Luckily the university offers an excellent policy for international students, so that is one clear option. It does not, however, cover sports injuries or meet the university’s requirements for varsity athletes, and my son intends to play basketball.  So out that goes, unless it is possible to get a supplementary policy to meet those requirements.  From when my son arrives in the US, we have between 30-60 days to work all this all out, or he will be subject to penalties for not being enrolled in health insurance…..And this current system is the improved option,  where there is at least some way to get medical insurance for every American.  Or at least every American who can navigate the system.

In the face of all this, I have a lot of thoughts about the meaning of universal human rights, the nature of community, and what it means for society to recognize the fundamental unity of the human race.  But right now, there are happy sounds of mixed Cantonese and English interspersed with bursts of laughter and giggling coming from my living room, where my son is spending his last  afternoon before leaving for the US enjoying time with former classmates, many of whom he has known since kindergarten or early primary.  I think I’ll end my rant and go enjoy their presence.  I may not get to experience it for quite some time.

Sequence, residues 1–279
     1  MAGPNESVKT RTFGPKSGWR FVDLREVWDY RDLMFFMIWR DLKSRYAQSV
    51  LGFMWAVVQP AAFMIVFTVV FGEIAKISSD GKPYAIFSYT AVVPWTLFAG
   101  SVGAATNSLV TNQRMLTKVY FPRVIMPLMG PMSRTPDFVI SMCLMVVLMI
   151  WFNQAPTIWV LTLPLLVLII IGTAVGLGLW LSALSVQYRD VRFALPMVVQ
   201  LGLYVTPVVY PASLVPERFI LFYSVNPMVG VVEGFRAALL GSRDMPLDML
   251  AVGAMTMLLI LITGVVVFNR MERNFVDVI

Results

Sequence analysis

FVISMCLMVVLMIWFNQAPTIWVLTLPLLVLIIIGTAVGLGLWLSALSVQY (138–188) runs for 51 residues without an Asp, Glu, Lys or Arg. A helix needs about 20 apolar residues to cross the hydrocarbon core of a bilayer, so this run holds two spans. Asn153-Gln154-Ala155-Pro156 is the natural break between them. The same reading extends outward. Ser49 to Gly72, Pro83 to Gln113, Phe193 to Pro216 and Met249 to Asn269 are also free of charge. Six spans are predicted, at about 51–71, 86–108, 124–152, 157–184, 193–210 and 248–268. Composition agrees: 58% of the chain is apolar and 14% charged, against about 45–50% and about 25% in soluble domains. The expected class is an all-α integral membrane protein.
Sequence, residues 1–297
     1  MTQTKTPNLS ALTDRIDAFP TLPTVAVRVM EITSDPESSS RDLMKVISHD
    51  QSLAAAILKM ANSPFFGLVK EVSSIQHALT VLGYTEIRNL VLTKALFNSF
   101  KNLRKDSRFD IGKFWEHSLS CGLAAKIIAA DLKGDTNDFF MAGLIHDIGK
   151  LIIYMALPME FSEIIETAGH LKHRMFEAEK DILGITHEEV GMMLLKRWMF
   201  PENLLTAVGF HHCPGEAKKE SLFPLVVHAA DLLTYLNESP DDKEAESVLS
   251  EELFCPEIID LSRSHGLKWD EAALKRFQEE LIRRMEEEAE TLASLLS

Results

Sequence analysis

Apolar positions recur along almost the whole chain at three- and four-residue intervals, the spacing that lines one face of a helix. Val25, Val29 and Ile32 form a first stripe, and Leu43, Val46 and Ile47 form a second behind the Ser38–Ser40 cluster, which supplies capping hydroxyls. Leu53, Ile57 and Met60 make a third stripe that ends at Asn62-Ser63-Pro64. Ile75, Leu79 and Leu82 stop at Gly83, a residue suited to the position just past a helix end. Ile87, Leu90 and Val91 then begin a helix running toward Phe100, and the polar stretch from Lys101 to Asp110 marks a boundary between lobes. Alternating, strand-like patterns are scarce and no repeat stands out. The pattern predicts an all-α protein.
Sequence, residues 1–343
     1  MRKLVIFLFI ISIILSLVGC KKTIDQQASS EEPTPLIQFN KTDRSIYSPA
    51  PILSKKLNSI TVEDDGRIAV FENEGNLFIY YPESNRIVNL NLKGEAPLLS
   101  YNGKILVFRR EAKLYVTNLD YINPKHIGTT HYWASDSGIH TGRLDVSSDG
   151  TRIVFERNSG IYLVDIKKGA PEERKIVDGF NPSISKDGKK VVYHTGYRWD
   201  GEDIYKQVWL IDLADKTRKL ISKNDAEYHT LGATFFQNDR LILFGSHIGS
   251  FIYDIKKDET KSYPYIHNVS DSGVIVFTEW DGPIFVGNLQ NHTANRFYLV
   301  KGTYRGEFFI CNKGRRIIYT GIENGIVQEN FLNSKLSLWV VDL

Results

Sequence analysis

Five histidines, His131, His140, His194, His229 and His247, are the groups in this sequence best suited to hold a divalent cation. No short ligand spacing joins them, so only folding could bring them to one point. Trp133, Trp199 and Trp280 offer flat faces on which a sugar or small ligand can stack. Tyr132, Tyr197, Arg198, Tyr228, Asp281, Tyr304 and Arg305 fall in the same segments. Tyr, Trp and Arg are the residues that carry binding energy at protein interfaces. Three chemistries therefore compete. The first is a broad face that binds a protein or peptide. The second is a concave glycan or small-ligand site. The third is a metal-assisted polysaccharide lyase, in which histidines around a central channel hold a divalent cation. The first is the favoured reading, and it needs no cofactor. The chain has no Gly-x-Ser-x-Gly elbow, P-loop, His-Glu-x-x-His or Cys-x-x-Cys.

Zig and zagQuilt Notes: I’ve widened the zigzag area and added some lines that hopefully will set it off.  I’ll fill in the unquilted areas you can see with lines that run horizontally (actually vertically when you look at the quilt).  But there is still quite a bit that remains unquilted!  This quilt was my A Lovely Year of Finishes goal for June, and I thought I had a fairly good chance at finishing it, but life has intervened.  It is my first month in the year that I did not have at least one finish, so that is a bit disappointing.  At this stage I am hoping for August!

Linking this up to Confessions of a Fabric Addict, where there are always lots of great finishes and works in progress to see.



Add yours →